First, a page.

Cuispes District

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Cuispes
District
Country  Peru
Region Amazonas
Province Bongará
Time zone PET (UTC-5)

Cuispes is one of the 12 districts of the province of Bongará, located in the Amazonas Region in the north of Peru.[1]

It is bordered to the north by the District of Florida; to the east by the District of Jumbilla; to the south by the District of San Carlos; and to the west by the District of Shipasbamba.

It is part of the Diocese of Chachapoyas.

History[edit]

The district was created on 11 November 1944, by Law #1004, during the first government of President Manuel Prado Ugarteche.

Geography[edit]

Cuispes District covers 110.72 km2. It has a varied topography, ranging from 1,000 m to 1,690 m above sea level, with highlands, plateaus, and waterfalls, including the majestic Yumbilla.

According to a 2005 Census, the population density was 7.8 people per km2, and the population was estimated to be over 700 inhabitants. This number has increased markedly, however, in the last 10 years.

The capital is the town of Cuispes, which is home to some 200 families.[2]

Economy[edit]

Most of the population is involved in agriculture - such as growing potatoes, maize, fruit and coffee - and livestock raising.

78.55% of the land of Cuispes District is owned by smallholders, who mostly grow temporary crops; meanwhile, 22.45% of the land is used for permanent crops.

Festivals[edit]

  • June: Festival of San Juan.

Tourist Attractions[edit]

Cuispes' main tourist attraction is the spectacular Yumbilla Falls, the fifth highest waterfall in the world.[3] Hidden in the high jungle vegetation, Yumbilla remained unknown - except to locals - until 2007, when it was visited by a group of scientists from the Peruvian National Geographic Institute (IGN), who asserted at the time that the height of the waterfall, at 895.4m (2,938 ft) high, placed it as the third highest in the world, and higher than the nearby Gocta Falls.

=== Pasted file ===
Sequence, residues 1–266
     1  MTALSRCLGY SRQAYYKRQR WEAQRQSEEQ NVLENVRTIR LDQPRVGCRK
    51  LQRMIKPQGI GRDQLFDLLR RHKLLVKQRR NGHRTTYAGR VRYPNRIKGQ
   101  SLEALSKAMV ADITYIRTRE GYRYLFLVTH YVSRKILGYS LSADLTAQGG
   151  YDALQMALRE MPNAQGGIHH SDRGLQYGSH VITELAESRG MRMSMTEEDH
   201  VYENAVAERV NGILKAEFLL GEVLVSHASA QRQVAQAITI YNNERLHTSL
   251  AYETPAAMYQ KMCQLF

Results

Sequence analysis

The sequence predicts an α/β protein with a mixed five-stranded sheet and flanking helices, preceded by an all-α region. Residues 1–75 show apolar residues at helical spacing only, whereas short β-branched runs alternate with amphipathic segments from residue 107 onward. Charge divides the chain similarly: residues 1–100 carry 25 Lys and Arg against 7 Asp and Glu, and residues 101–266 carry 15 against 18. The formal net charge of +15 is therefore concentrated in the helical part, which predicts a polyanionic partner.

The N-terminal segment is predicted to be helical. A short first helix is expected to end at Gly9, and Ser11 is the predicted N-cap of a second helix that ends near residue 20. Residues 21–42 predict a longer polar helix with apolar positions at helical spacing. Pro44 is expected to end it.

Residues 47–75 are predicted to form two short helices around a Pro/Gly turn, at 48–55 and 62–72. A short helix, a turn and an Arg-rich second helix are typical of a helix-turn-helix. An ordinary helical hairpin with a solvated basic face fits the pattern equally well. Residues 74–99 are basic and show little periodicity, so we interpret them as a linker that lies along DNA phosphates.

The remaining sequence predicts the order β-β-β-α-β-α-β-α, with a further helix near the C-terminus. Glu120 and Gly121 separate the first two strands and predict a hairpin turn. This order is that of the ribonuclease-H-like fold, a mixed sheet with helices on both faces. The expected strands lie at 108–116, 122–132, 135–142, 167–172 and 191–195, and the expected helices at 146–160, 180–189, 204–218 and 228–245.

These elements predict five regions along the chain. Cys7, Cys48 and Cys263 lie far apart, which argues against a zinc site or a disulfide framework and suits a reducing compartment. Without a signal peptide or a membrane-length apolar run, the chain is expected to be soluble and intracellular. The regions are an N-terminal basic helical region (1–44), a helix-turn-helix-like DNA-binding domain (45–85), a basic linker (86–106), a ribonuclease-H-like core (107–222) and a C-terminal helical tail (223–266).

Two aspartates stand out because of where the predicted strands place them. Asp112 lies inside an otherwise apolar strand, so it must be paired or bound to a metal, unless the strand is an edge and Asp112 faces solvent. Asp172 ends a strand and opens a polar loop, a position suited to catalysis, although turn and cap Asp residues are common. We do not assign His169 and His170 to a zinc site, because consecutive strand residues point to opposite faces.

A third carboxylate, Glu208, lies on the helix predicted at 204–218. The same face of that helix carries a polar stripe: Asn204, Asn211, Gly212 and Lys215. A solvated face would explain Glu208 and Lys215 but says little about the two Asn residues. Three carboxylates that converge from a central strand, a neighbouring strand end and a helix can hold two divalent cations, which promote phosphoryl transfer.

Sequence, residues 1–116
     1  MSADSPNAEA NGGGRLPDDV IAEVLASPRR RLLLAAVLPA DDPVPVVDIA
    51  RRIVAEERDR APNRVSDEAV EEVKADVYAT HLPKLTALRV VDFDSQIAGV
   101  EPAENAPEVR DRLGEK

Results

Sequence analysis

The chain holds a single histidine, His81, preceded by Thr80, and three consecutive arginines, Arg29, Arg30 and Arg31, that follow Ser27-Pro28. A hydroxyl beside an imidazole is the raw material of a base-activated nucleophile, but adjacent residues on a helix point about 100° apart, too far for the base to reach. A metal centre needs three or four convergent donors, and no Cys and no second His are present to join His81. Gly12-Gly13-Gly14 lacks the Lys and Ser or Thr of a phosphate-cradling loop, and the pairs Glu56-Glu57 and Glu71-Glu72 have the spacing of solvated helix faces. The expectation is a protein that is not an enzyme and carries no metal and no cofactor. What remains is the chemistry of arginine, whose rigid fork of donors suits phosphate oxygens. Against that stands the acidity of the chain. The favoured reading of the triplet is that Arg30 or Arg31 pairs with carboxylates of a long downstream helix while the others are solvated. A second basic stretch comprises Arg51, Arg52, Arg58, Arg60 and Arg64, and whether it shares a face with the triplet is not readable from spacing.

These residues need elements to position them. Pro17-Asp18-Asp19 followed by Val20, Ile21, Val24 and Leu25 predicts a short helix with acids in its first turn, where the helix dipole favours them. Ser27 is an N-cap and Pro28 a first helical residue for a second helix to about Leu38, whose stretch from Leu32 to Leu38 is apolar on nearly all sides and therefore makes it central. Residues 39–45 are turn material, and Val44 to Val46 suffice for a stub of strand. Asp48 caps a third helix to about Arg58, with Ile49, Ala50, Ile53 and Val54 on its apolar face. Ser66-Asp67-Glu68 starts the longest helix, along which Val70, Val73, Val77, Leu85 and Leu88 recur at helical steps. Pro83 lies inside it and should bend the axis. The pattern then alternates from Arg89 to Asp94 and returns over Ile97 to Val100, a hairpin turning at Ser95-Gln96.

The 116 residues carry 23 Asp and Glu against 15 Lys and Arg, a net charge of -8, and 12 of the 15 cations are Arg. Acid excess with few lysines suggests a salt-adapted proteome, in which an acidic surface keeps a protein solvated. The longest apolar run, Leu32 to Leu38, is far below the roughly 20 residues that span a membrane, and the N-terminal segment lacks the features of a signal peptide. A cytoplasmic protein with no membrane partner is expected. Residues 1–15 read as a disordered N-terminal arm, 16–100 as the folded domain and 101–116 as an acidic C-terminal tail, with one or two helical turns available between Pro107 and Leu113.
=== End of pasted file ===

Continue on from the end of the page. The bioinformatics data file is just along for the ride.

In the top part of the waterfall can be found the mysterious and beautiful San Francisco Cave. It is 5 m (16 ft) high and 9 m (29 ft) wide. Its depth is unknown: to date, the furthest anyone has gone is 250 m (820 ft).

Yumbilla Falls now receives Peruvian and overseas visitors, attracted by the beauty of the scenery. There is a 5.7 km (3.5 miles) trail from Cuispes town to the lower part of the waterfall. After an hour's hike, you arrive at the 'Sal si puedes ('Leave if you can')' Viewpoint, from where you can see most of the waterfall. The lower part of the waterfall is very impressive, as a large cloud of mist is created by the impact of the water on the rocks.

The IGN study indicated that the terrain around Yumbilla is mountainous, with small, medium and large trees with fauna including Andean cock of the rock, monkeys, reptiles and spectacled bears.

Cuipses District is also home to Chinata Falls (580 m / 1,903 ft) and Pabellon Falls (400 m / 1,312 ft).

The town of Cuispes now offers tourism services, such as horse rental, eateries and guides.

See also[edit]

References[edit]

  1. ^ "Provincias y Distritos". Gobierno Regional de Amazonas (in Spanish). n.d. Archived from the original on 15 June 2013. Retrieved 15 November 2014. 
  2. ^ "Cuispes - Yumbilla Waterfall, Chinata Waterfall, Pabellon Waterfall - Peru North". Peru North. Retrieved 2016-09-14. 
  3. ^ "World Waterfall Database | Worlds Tallest Waterfalls". www.worldwaterfalldatabase.com. Retrieved 2016-09-14. 

Coordinates: 5°55′S 77°56′W / 5.917°S 77.933°W / -5.917; -77.933